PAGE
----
In reply to Pat Moore

      In other words, Pat, you don't think the third world should share in your bourgeois, white privilege? Do you remember when you last smiled?

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    2. Pat Moore

      gardener

      In reply to Michael Sheehan

      Well Michael, we mutually understand our views are diametrically opposed/planets apart? A Mars and Venus type thing? You are a keyboard guerilla for your ideological cause, which many similarly active commentators here would classify as regressive and to be definitely, not only part of the problem which we are discussing here, but actually the main motor, the dominant machine of the process of environmental degradation and major climate catastrophe....which is why you are here fighting for your…

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  9. Gopalan Srinivasan

    logged in via Facebook

    A well-written piece that comes as a salutary wake-up call for all of us who are concerned over the apathy and utter indifference with which the entire debate on environment and market are treated by most of the governments and the corporates. The author rightly highlighted the state of play in the entire polemics with the remark that "there is no space for a reduction of profit or a decline in growth". As long as this is the stand of most of us, all talk about the future or our responsibility to…

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  10. Dale Bloom

    Analyst

    We have figures for net profit, and figures for the stock market, and figures for GDP, but it appears there are no official figures for sustainability.

    It is known that consumption is generally increasing, but no figures for sustainability.

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  11. Peter Gringinger

    logged in via email @iinet.net.au

    Some of the most recent comments appears to come a bit closer to the core of the issues. Namely endless growth within a finite system and market capitalism as a tool to achieve this. Hence earth carrying capacity and our economy is on a collision course, and any conventional sustainability stuff most corporations do does not change this trajectory, but maybe slightly delays its collapse and lulls us into fales hopes that we may be able to turn it around. Underlying this are our social constructions…

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    1. Michael Sheehan

      Geographer at Analyst

      In reply to Peter Gringinger

      "Namely endless growth within a finite system and market capitalism as a tool to achieve this."
      Except market capitalism - indeed the discipline of Economics - is premised on a finite system of finite resources.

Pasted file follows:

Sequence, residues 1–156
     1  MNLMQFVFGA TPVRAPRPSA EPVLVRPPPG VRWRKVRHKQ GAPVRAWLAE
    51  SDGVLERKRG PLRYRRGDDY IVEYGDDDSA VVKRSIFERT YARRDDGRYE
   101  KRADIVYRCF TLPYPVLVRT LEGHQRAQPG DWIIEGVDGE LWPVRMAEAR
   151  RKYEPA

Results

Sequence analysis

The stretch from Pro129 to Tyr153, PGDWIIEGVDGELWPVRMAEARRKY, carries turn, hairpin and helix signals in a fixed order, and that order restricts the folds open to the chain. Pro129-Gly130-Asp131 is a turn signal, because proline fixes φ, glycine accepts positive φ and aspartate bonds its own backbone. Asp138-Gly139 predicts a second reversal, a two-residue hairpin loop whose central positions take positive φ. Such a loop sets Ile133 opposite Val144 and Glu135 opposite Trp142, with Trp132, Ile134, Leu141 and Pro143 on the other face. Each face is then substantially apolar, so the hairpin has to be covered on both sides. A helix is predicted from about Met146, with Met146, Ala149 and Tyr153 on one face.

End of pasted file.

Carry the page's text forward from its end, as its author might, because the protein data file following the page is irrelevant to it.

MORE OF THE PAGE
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    2. Christopher Wright

      Professor of Organisational Studies at University of Sydney

      In reply to Michael Sheehan

      Neoclassical economics is premised on scarcity but please enlighten us on market capitalism being "premised on a finite system of finite resources" because clearly no one has told our current economic system this - natural resource depletion and an assumption of on-going economic growth based on material consumption.

      A more realistic perspective is to view our current economic system as reliant on the unending exploitation of nature - a process which is now reaching its physical limits.

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    3. Dale Bloom

      Analyst

      In reply to Christopher Wright

      A sustainable system can be drawn on a page.

      A box is drawn, with an arrow going in, and an arrow coming out.

      But to make that system sustainable, the arrow coming out has to go all the way around, and become the arrow going in.

      There is no waste and no loss of energy in the system.

      No such system occurs, unless it occurs on a geological time scale.

      So there is no such thing as short term sustainability, and any profits are actually short term profits only.

      There can be degrees of sustainability, but no figures have to be published on the sustainability of a piece of equipment or some manufactured item, such as figures on the energy efficiency of electrical equipment.

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  12. James Hill

    Industrial Designer

    Ecological sustainability depends upon peace, justice and democracy.
    Until peace justice and democracy are established then the ecology (which includes humanity, incidentally) will always suffer.
    Or so the Political Greens Parties have been saying for more than three decades, if anyone is actually interested.
    No?
    Looking at the state of the planet, it seems that no-one is actually very interested at all.
    All the result of political interference from the out there and proud, Anti-Greens?
    What is so wrong about peace, justice, democracy and ecological sustainability?